As the world moves towards a hybrid work model, companies are left with the challenge of ensuring employee engagement despite the chaotic start.
This requires more adjustment and coordination than companies have needed in the past year to create new policies to promote inclusiveness and balance among all employees.
While most employees (82%) in hybrid work feel that their productivity is at the same or a higher level, 54% feel overworked, 39% feel exhausted, and 20% think their employers don’t care about their work-life balance.
It’s understandably an unprecedented challenge that many companies face, but you can do a few things to ease the transition for the employees and keep them engaged.
There is no doubt that the previous model for organizational communication in the in-house era is no longer adequate. You need a solid, transparent communication channel that reflects the company’s vision and instills belief in the employees, no matter if they’re working out of office or home.
It’s essential to create a culture of communication where people feel comfortable sharing their work status and whereabouts with their team — so people know when someone is available and when they are not.
But we need to remember that communication is a two-way street. According to recent research by McKinsey, 47% of the employees feel anxious and concerned due to the lack of organizational communication, making it 3x more likely to cause burnouts.
When you expect the employees to clearly communicate about their expectations and progress, companies should equally be open about the organizational changes, flexible work schedules and any other new policies.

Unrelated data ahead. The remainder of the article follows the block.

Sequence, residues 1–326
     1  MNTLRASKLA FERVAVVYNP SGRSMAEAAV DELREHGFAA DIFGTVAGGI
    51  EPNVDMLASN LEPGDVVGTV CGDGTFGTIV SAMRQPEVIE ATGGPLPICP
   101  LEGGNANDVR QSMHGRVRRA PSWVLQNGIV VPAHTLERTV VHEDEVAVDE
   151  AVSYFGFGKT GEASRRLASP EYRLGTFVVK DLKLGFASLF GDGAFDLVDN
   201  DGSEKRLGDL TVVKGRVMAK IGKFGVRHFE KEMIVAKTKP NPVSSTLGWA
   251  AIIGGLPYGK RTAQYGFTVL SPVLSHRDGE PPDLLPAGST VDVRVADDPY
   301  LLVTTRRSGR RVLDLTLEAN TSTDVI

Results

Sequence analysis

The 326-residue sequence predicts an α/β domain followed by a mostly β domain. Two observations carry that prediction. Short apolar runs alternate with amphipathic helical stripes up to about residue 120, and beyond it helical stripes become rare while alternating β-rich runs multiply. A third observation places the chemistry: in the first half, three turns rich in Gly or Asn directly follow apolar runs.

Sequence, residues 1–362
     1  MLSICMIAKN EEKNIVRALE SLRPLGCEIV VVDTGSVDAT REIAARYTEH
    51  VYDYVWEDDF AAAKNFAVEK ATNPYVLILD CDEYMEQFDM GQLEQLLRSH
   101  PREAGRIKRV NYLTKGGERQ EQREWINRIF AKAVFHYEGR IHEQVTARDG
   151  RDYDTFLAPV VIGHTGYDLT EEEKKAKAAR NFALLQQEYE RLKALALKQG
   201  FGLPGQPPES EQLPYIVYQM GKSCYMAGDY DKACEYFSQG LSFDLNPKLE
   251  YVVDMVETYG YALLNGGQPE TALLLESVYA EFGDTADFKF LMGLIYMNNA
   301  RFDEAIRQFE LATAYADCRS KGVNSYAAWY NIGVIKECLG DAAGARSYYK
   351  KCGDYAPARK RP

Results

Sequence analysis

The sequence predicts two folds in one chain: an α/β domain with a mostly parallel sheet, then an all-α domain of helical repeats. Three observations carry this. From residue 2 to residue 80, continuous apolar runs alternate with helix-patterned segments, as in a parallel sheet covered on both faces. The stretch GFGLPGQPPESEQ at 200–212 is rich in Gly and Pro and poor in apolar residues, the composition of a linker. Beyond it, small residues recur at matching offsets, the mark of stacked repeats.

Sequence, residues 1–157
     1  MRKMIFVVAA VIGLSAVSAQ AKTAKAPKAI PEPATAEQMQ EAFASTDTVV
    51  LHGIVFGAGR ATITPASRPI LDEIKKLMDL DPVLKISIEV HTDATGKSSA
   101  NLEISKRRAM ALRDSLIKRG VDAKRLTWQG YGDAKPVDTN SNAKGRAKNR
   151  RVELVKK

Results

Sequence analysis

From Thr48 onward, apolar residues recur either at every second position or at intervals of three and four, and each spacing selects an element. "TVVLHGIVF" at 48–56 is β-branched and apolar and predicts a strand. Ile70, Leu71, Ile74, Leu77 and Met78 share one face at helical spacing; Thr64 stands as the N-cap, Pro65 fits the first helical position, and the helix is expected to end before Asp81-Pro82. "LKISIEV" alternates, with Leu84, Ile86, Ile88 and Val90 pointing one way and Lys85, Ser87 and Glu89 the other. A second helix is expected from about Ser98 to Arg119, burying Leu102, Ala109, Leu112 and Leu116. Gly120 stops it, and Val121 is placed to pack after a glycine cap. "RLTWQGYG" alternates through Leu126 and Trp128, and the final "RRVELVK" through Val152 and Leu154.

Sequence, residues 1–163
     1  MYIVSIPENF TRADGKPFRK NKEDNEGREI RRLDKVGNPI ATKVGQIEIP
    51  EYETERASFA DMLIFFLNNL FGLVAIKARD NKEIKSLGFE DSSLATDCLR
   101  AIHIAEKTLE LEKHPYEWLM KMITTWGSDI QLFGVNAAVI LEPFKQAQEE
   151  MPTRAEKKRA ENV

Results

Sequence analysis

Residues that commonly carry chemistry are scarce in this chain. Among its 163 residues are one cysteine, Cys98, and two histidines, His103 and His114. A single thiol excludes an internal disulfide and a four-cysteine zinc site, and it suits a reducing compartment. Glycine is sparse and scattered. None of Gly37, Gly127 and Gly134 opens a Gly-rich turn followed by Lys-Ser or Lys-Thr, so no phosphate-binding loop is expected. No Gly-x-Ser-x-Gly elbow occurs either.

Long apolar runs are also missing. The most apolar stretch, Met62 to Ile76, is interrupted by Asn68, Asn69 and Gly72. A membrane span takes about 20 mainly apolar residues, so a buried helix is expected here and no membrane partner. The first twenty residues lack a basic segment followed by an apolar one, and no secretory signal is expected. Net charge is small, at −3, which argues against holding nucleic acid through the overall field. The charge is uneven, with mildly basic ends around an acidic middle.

Consider Individual Employee’s Needs
Companies need to be more empathetic and understanding of their employees. Be it a health issue, time-zone conflict or any other personal or professional difficulty, employees expect their managers to be considerate — which in turn reinforces their confidence and trust in the company.
You may have a team member who prefers working in the office over working from home or vice versa. Or there can be employees who are in different time zones or have serious health issues.
The best way to ensure their engagement is by respecting their preferences and giving them options regarding where and how they can work.
Discuss with them to find a solution that works for everyone, whether changing meeting times or scheduling one-on-one check-ins. Give everyone a voice in decision-making, like where to meet or what platforms to use in the future.
Check-In Regularly About Expectations
Because this is a new normal for many people, we’re all figuring out what we need from one another as we go along. Asking your employees how to communicate and when they prefer to get on calls is a start to making it easier for your remote employees.
The working hours can easily spill into their personal time for those working from home. So make sure to check in regularly with those employees, urging them to take lunch breaks, leisure time and vacations. You can schedule a video call every few weeks to discuss the current working style and how comfortable they are.
Checking in more often will reduce employees’ insecurities about their future in the company and will further make it easy for them to open up. Furthermore, it shows them that you care about them as a person and gives an opportunity to build a great working relationship.
Organize Virtual Coffee Meets
A hybrid work environment can breed disconnection, especially between employees. In the past two years, many employees have taken to social media to talk about how much they miss meeting new people and talking to their colleagues over coffee breaks.
To bridge this gap and bring the team closer together, companies can conduct virtual coffee meets, fun Fridays, and many other online interactive events that bring the employees closer to one another and the organization.
You can also give a free hand to those employees interested in organizing such fun virtual meets to create a sense of belonging.
Being empathetic, urging employees to set clear expectations and boundaries, communicating effectively and consistently, and encouraging can make for a more inclusive hybrid workplace.
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